Patients are less likely to make a complaint about a GP mistake if they are offered a timely apology, according to a large patient poll.
A YouGov survey of 2,000 adults found that 76% of patients think complaints could be averted if the GP issued an apology.
According to the Medical Protection Society, GPs have previously worried that apologising could be interpreted as an admission of liability, but a survey of 127 GPs found these concerns are easing.
Almost three quarters of GPs (72%) said they did not think saying sorry was an admission of guilt.
Further, 86% of GPs thought an early apology could stop a complaint escalating, and four out of five thought it could restore a good doctor-patient relationship.
The MPS says that a ‘challenging claims environment’ means ‘doctors are in fear of litigation or being reported to the GMC and the misconception that apologising puts a doctor at greater risk of a complaint or claim has been difficult to quash’.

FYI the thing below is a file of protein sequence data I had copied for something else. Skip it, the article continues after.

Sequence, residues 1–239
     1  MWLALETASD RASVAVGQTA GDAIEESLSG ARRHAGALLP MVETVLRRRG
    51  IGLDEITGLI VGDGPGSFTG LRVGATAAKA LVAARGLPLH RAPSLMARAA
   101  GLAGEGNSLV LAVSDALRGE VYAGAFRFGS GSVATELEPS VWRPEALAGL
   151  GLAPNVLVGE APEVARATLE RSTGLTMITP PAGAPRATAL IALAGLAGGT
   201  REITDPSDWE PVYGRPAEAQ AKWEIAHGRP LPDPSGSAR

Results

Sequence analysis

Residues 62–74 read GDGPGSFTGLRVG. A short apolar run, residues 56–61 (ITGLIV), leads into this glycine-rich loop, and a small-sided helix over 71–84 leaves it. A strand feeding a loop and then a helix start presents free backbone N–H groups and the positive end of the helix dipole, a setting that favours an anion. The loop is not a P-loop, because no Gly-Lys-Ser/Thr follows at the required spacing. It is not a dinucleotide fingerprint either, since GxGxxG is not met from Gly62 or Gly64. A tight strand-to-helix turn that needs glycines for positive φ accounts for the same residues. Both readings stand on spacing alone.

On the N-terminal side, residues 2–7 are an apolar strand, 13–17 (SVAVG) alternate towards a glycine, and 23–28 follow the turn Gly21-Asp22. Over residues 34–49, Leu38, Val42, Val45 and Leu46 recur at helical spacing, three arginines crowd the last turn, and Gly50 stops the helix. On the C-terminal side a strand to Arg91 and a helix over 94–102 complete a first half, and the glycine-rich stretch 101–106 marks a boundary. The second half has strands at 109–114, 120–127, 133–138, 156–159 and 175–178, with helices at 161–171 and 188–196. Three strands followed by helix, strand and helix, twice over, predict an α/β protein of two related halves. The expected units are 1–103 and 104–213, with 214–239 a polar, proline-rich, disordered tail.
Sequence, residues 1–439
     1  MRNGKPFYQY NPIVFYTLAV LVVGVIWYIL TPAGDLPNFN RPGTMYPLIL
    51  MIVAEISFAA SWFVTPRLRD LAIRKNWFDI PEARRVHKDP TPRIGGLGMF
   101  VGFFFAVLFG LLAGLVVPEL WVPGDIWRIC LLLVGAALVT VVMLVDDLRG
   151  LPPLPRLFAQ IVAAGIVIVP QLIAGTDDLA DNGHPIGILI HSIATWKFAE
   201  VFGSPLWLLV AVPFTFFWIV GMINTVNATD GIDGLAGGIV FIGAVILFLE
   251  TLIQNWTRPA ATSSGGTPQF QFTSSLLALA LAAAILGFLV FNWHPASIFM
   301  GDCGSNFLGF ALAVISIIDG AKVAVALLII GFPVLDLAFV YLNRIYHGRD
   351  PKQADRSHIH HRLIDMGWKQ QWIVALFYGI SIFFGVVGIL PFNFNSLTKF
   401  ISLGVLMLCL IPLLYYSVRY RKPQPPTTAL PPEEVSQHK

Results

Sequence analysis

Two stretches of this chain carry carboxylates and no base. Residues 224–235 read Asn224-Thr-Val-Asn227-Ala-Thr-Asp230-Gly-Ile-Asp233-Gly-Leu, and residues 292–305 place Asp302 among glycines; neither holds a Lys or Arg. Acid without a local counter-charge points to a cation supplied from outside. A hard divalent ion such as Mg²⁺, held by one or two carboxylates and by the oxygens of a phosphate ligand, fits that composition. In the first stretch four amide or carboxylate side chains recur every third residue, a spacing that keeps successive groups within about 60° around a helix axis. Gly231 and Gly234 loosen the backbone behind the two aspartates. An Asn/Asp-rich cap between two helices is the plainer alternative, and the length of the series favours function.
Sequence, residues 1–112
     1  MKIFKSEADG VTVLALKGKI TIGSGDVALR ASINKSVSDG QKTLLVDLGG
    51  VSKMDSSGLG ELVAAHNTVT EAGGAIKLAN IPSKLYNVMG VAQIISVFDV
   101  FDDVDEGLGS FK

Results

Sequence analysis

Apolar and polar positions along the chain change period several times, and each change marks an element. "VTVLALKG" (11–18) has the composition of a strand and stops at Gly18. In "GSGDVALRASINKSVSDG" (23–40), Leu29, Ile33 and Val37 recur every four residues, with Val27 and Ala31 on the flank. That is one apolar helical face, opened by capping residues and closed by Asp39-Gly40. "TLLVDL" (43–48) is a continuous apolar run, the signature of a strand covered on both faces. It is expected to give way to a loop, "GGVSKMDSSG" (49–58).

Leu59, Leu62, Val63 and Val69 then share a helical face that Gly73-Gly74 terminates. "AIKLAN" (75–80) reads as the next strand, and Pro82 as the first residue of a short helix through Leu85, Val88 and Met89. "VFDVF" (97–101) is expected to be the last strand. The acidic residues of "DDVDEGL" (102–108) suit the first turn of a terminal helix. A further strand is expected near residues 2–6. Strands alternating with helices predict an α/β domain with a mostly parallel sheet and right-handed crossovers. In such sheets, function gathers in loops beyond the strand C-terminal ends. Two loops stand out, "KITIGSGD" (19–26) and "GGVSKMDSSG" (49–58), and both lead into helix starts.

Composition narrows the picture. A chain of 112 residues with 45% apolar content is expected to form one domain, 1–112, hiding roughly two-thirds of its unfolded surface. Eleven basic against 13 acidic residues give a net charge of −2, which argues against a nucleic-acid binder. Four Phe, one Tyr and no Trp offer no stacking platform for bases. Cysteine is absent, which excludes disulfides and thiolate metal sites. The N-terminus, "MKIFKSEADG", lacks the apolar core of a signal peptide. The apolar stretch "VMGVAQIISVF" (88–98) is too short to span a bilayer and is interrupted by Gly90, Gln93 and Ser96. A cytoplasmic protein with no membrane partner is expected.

But Dr Helen Hartley, medicolegal advisor at MPS said: ‘We know that apologising to patients and their relatives following an adverse outcome can be difficult in practice… But apologies can help prevent formal complaints occurring or escalating.
‘Saying sorry is not an admission of liability; rather, it is an acknowledgment that something has gone wrong and a way of expressing empathy.’
GMC Good Medical Practice guidance includes a statutory duty of candour for doctors to apologise when things go wrong.
And, following a review of complaints about practices, the Parliamentary and Health Service Ombudsman this year advised GPs to apologise more and invite patients to feed back and complain to a greater extent.
But the calls come as a recent study called for ‘significant changes’ to NHS complaints handling processes. Evidence suggested the current system is ‘unnecessarily confrontational’, with just 6% of doctors describing a complaint as a ‘learning process’ and half feeling negativity, powerlessness and emotional distress.
In light of concerns, GMC is looking to reduce probes into ‘one-off’ clinical incidents in a move that it hopes will reduce the number of full fitness-to-practice (FtP) investigations by the hundreds.